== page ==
Introspection, the ability to ponder on life's great mysteries, has always been inherent in Arturo Sanchez's work. Mirrors, often used as literary devices for self-reflection, have become his signature. Integrated into his canvases, their reflective surfaces are reminders of the human condition and the existential questions that have besieged philosophers for millennia.
Contemplation is a layered piece that plays on mirror images, negatives, and inversions. Rendered in reversed black-and-white, a young woman- one hand tentatively raised, eyes locked in a faraway gaze-sits beside her doppelganger. Their billowing black skirts provide inky solace for a crow transfixed by a branch, both made from sand-blasted mirrors.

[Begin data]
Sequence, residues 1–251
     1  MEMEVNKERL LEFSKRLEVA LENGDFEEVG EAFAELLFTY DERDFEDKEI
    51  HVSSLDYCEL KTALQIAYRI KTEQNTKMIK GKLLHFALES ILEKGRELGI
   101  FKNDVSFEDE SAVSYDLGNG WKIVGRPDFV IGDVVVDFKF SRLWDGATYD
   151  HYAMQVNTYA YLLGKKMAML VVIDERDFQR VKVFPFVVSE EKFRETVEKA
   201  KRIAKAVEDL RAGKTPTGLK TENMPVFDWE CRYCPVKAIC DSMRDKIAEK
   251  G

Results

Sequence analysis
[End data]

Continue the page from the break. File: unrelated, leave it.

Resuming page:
The crow has played prominent roles in various mythologies. In Contemplation, the blackbird is a totem for the eternal Sleep that humankind will succumb to-even the innocent girl who sits quietly and thinks of her future.
Inside the reflective silhouettes of both crow and branch, Sanchez has collaged images depicting the three stages of life, as he enumerates: "budding, blooming, and deterioration." To create these collages, he peels away the painted backing of the mirrors, inserts his collaged cutouts and seals them in with lacquer. The effect is haunting: worlds are trapped and locked away behind the looking glass.